GCSE:Written question - 26257

Q
Asked by Ian Austin
(Dudley North)
Asked on: 08 February 2016
Department for Education
GCSE
Commons
To ask the Secretary of State for Education, what proportion of pupils who achieved five A* to C grades at GCSE in each of the last five years received an A* to C grade in (a) a modern foreign language and (b) science.
A
Answered by: Nick Gibb
Answered on: 24 February 2016

The table below provides information for the percentage of pupils that achieved five A* to C grades at GCSE in each year from 2010/11 to 2013/14 who received an A* to C grade in a modern foreign language (MFL) or in each of the science pathways[1]. Data for 2014/15 has not yet been finalised.

Of those pupils[2] who achieved 5 or more GCSEs or equivalent at grade A* to C in the relevant year

Pupils who achieved 5 or more GCSEs or equivalent at grade A* to C

Percentage achieving a modern foreign language[3] GCSE at grade A* to C

Percentage achieving Core and additional science[4] GCSE at grade A* to C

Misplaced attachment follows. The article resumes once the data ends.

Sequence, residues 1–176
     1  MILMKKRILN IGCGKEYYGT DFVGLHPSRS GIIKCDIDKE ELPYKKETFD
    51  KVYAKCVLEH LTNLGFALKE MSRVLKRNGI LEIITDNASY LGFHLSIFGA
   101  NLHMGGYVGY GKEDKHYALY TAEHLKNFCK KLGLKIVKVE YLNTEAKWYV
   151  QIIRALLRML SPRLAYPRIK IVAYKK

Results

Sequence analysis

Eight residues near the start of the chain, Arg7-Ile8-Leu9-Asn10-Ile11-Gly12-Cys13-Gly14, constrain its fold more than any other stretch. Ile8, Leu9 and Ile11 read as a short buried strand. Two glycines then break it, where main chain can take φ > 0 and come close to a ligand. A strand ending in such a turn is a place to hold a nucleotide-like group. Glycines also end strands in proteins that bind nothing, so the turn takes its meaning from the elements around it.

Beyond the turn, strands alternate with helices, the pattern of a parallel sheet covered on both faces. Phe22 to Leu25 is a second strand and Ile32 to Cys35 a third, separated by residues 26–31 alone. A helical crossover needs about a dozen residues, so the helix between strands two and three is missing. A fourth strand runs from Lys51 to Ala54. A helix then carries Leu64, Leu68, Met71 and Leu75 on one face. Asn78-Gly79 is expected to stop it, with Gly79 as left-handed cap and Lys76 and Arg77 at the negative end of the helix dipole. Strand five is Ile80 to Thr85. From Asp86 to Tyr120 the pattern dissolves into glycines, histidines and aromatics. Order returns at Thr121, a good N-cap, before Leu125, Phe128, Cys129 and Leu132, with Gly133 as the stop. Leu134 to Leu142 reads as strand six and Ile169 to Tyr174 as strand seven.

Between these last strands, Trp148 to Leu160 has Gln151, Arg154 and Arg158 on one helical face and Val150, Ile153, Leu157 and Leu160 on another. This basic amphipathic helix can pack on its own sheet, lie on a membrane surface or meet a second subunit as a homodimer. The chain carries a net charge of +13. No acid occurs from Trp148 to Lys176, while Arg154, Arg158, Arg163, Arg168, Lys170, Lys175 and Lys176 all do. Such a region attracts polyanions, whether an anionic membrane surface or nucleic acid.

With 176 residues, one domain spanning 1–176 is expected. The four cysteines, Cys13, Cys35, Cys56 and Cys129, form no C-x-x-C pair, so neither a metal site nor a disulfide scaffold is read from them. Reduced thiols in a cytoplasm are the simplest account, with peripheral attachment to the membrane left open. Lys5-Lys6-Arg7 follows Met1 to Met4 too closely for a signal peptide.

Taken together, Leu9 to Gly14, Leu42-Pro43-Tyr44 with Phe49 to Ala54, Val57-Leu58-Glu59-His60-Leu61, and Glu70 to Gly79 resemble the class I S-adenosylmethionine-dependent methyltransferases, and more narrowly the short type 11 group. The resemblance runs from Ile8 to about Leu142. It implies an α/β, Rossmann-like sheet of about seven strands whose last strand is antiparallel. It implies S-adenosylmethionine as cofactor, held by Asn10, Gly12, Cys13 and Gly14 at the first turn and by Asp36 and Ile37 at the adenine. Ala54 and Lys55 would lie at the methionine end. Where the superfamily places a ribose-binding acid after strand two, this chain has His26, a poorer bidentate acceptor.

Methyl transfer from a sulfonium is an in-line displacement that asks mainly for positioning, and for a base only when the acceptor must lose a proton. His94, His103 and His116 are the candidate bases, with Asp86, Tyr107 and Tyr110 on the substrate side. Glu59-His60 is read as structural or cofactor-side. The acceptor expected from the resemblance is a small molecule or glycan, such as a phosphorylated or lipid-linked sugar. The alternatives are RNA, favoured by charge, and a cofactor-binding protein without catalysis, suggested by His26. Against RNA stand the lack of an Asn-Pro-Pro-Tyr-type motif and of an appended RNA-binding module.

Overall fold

Percentage achieving Separate science[5] GCSE at grade A* to C

2010/11

499,057

35.9

33.0

24.6

2011/12

508,228

35.0

30.7

26.9

2012/13

517,388

40.7

29.1

26.4

2013/14

394,752

51.2

42.1

29.6

[1] Note that separate figures are provided for the core science and triple award science pathways. Information is not provided for double award science due to low numbers of entries.

[2] Based on pupils at the end of key stage 4 in each year.

[3] Based on the highest grade achieved in any modern foreign language GCSE - if pupils achieved two or more languages and achieved different grades then they only appear once in the figures.

[4] Figures include only those pupils who entered and achieved the core science pathway (having entered core and additional science and have achieved an A*-C in both) and are based on the highest grade achieved in either of the component subjects.

[5] Figures include only those pupils who entered and achieved the separate science pathway (having entered three of biology, chemistry, physics and computer science and having achieved A*-C in two of them) and are based on the highest grade achieved in any of the component subjects.

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